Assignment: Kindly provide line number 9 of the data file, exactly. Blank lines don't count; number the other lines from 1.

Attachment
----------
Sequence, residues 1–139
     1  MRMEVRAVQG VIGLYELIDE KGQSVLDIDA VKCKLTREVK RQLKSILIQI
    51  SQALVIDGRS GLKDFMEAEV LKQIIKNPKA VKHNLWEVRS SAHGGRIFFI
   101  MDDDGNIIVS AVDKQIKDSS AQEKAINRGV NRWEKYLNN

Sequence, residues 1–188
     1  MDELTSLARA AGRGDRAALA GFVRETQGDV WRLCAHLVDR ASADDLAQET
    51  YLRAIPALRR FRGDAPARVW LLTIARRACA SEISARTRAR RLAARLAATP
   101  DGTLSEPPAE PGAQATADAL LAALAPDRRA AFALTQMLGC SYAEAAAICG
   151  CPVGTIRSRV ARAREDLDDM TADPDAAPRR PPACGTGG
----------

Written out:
   151  CPVGTIRSRV ARAREDLDDM TADPDAAPRR PPACGTGG